Jeff Bone <firstname.lastname@example.org> wrote:
> Some guy at Hahvahd is poking at this, too.
>From the IP list:
A computer science professor at Harvard says he has found a
way to send coded messages that cannot be deciphered, even by
an all-powerful adversary with unlimited computing power. And,
he says, he can prove it. [...]
In essence, the researcher, Dr. Michael Rabin and his Ph.D.
student Yan Zong Bing, have discovered a way to make a code
based on a key that vanishes even as it is used. While they
are not the first to have thought of such an idea, Dr. Rabin
says that never before has anyone been able to make it both
workable and to prove mathematically that the code cannot be
For now, Dr. Rabin's idea is simply a scheme backed up by a
mathematical proof that he has been presenting to scientists
at seminars. No company is lurking in the background to sell
it, and Dr. Rabin says he has no commercial interests in it.
"I never commercialize anything," Dr. Rabin said. "I am not in
that business." Instead, he said, he did the work because it
was a challenge. [...]
The coding starts with a continuously generated string of
random numbers, say from a satellite put up to broadcast them
or from some other source. The numbers can be coming by at an
enormous speed - 10 million million per second, for example.
The sender of a message and its recipient agree to start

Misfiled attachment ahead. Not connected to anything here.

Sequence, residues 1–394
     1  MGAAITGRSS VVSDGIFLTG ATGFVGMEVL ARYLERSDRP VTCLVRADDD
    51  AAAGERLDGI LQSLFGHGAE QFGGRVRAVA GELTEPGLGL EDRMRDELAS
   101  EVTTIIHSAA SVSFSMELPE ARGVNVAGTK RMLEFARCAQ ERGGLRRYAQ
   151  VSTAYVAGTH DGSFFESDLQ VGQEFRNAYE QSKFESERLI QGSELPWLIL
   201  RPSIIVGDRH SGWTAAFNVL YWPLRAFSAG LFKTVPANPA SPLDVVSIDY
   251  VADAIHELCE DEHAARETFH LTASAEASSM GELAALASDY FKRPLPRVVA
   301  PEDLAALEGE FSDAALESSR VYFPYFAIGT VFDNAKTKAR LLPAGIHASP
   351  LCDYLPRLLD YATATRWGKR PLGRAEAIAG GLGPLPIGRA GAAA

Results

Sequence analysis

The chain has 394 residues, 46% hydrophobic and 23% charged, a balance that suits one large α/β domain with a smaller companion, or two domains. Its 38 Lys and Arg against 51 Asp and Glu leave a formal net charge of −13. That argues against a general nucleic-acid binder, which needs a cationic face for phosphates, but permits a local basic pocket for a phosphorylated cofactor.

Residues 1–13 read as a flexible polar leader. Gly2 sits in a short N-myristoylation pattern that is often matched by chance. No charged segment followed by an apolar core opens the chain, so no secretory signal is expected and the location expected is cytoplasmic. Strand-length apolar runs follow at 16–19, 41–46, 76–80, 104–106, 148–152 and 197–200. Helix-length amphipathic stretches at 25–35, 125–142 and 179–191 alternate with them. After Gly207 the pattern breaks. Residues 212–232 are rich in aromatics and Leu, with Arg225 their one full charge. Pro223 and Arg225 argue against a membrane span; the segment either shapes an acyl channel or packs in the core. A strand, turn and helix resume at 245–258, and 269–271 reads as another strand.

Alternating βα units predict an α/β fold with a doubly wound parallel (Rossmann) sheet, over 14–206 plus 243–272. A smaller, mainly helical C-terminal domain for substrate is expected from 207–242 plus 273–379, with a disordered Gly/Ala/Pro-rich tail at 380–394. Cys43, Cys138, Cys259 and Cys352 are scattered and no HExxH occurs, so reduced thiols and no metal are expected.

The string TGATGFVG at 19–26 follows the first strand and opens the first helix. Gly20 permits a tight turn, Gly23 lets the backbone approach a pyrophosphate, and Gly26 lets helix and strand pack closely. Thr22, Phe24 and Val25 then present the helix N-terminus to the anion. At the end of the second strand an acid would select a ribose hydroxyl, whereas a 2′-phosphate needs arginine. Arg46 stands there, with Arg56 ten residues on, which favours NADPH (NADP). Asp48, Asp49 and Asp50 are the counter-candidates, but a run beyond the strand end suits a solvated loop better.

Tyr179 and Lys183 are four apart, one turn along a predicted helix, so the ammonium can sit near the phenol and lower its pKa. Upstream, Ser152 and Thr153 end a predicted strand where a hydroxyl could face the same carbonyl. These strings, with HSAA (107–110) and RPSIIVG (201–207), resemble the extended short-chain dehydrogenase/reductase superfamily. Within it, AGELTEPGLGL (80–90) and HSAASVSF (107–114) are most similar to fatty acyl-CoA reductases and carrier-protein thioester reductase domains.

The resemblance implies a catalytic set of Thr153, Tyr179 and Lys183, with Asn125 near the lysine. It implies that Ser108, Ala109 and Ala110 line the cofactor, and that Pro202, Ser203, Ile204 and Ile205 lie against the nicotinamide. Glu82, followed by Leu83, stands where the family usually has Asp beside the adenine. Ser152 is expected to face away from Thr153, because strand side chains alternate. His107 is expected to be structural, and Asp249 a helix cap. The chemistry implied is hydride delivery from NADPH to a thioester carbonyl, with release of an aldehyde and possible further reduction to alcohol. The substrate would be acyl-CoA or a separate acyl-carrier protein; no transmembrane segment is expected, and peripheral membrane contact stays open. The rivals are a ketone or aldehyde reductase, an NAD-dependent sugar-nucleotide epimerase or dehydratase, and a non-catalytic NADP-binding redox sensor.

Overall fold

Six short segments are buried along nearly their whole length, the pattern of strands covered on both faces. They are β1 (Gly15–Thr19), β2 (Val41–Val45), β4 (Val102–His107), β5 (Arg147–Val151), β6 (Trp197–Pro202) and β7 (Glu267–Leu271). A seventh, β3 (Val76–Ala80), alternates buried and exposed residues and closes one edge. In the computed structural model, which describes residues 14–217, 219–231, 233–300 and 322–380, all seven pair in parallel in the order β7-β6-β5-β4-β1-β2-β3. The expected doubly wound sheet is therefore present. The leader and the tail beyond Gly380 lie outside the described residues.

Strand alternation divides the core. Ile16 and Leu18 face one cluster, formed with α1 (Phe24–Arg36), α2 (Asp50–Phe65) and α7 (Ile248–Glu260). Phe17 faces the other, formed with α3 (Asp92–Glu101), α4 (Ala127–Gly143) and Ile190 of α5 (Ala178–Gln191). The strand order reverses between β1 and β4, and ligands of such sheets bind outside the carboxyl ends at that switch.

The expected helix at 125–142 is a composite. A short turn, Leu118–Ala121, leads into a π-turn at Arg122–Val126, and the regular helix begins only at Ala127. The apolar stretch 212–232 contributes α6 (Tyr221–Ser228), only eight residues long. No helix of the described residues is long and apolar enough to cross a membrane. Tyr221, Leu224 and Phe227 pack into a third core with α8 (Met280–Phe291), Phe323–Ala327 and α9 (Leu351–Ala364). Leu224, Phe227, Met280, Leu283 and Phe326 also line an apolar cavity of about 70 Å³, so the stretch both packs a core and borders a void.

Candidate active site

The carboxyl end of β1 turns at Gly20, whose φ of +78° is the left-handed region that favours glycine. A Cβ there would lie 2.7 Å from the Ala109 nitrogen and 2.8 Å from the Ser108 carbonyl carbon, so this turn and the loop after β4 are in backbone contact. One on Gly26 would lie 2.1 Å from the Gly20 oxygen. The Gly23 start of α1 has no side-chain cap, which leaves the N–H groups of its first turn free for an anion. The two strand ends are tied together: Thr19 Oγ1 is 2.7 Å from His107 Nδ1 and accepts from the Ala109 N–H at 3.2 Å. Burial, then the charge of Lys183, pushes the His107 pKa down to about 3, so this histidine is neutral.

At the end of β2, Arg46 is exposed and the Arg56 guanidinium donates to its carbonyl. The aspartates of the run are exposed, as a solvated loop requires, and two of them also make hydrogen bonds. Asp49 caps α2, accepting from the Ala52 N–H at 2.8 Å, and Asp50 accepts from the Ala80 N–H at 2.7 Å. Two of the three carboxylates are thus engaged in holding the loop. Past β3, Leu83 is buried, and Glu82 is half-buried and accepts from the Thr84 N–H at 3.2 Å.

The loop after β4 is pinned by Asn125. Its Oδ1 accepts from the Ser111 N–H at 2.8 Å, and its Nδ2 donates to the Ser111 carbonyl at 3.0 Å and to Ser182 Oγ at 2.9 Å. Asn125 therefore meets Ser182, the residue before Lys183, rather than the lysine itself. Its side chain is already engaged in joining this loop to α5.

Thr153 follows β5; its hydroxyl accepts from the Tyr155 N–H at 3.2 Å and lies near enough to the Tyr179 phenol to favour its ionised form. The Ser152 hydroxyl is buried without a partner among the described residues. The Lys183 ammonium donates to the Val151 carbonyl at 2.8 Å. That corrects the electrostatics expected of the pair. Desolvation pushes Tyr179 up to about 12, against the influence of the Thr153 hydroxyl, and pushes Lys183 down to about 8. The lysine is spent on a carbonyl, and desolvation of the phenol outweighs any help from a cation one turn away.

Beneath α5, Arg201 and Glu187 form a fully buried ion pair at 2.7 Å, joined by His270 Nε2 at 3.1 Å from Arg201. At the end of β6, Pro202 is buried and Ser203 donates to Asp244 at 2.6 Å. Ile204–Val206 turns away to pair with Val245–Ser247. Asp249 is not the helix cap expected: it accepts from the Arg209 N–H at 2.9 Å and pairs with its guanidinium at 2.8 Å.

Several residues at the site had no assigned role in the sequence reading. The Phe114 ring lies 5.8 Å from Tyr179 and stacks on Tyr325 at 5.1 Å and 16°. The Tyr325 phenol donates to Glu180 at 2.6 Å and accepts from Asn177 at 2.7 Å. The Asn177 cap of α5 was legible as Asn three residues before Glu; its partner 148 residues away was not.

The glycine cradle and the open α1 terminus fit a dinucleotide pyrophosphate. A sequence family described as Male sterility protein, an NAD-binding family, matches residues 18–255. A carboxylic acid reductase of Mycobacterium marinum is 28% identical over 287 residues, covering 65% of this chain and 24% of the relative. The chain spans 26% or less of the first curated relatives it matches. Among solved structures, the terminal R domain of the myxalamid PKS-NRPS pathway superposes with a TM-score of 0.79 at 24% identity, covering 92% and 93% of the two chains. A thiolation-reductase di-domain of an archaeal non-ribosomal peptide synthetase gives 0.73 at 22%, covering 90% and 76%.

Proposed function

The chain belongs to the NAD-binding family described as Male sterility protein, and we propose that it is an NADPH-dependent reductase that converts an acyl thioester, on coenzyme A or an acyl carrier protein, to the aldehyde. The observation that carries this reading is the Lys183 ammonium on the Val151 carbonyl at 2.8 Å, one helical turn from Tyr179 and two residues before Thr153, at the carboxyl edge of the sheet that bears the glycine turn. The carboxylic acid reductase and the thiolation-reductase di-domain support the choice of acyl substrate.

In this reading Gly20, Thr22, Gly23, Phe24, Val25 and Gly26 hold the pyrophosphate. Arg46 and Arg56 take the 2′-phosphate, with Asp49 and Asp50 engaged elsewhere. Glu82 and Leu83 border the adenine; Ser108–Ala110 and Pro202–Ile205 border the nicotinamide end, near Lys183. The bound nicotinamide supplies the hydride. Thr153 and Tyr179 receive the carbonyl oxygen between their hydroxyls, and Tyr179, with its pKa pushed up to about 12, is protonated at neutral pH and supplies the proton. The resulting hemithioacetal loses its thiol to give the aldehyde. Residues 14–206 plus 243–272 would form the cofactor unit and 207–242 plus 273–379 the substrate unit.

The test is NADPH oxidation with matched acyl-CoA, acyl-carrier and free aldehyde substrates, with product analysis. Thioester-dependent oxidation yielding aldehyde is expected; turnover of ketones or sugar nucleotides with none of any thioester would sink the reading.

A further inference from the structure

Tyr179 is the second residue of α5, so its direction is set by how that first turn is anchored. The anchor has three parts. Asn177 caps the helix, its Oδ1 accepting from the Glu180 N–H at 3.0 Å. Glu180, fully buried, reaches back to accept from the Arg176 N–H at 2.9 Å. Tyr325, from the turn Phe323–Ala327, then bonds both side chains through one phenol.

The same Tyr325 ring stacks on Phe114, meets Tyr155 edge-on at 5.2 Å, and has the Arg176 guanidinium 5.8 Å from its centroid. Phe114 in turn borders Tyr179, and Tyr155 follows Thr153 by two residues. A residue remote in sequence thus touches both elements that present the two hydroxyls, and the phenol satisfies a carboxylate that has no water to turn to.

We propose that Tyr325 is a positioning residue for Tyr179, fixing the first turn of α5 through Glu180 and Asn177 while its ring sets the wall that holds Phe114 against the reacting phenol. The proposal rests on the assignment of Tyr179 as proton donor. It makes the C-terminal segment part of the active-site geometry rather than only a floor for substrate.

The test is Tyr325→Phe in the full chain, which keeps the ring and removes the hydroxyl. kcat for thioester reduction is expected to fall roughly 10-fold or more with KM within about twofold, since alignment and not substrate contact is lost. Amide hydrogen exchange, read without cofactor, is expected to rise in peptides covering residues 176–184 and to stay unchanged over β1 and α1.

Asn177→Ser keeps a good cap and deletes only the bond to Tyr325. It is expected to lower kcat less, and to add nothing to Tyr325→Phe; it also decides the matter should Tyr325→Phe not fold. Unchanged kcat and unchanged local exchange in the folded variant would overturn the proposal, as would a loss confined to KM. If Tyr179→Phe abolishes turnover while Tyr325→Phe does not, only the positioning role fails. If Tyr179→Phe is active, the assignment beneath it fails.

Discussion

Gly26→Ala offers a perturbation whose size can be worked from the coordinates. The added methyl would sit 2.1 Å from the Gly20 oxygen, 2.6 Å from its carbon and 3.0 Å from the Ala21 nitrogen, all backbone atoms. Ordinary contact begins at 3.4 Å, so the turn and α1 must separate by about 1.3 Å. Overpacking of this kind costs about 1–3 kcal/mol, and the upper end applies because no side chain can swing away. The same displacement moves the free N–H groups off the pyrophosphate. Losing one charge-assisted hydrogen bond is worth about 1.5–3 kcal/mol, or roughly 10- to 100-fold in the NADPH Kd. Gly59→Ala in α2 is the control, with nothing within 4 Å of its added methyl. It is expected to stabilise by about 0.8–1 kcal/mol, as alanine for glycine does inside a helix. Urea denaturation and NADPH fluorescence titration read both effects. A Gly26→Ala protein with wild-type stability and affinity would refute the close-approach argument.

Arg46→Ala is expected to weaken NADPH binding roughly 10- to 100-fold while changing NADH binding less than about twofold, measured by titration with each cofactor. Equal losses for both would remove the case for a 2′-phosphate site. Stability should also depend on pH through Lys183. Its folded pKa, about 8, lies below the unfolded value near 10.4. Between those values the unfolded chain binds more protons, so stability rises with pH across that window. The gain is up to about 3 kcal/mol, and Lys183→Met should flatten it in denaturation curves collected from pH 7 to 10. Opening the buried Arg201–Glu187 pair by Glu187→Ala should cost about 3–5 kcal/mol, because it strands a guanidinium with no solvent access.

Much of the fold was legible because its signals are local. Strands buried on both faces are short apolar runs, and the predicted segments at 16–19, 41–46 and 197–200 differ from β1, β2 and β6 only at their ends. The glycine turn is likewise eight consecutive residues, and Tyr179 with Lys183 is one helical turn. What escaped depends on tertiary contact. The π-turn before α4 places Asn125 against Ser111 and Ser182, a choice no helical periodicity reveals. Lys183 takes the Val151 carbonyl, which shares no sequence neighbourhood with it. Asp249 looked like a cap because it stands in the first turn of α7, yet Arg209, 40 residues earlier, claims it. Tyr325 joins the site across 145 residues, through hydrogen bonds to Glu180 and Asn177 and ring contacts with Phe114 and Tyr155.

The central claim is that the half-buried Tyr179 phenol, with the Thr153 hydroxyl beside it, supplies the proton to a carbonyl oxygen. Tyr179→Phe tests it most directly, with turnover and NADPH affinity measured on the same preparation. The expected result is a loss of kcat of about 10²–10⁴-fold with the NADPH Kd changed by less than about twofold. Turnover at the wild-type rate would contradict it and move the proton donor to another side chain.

plucking a sequence of numbers from that string. They may
agree, for example, to send a message, encoded with any of
today's publicly available encryption systems saying "start"
and giving instructions on capturing certain of the random
numbers. As they capture the numbers, the sender uses them to
encode a message, and the recipient uses the numbers to decode
An eavesdropper can know the mathematical formula used to
encode and decode, but without knowing the exact sequence of
random numbers that were used in the formula to send a
particular message, the eavesdropper cannot decode the
message. And the only way to have that sequence is to just
happen to be storing numbers from the unending stream at
exactly the right moment.
If the eavesdropper, for example, had a secret way to decode
the message saying "start" and it took a minute to do the
calculation needed to decode it, it would be too late by the
time the eavesdropper got going. The sender and recipient
would already have their string of numbers and that string of
numbers, once broadcast, could never be retrieved. It would be
infeasible to store the endless string of numbers in any
computer and so they are essentially gone forever.
Often, Dr. Rabin said, eavesdroppers will capture and store
encoded messages hoping to decode them at later, either when
computers have improved - making it easier to do the
calculations to break a code - or when the method for encoding
and decoding is known, perhaps because it has been stolen.
But, he said, messages encoded with his system can never be
broken by these means because the random numbers used in
encoding and decoding are used once and are never stored. [...]
[presumably the recipient of the message has to cache the random
numbers for a time in order to decode the message, in which case that
cache is a weak point; the article assumes the cache doesn't exist]
-- f.a.n.finch email@example.com firstname.lastname@example.org VIKING NORTH UTSIRE SOUTH UTSIRE NORTHEAST FORTIES: WEST VEERING NORTHWEST 5 TO 7, PERHAPS GALE 8 LATER. RAIN THEN SHOWERS. MODERATE BECOMING GOOD.
This archive was generated by hypermail 2b29 : Fri Apr 27 2001 - 23:18:00 PDT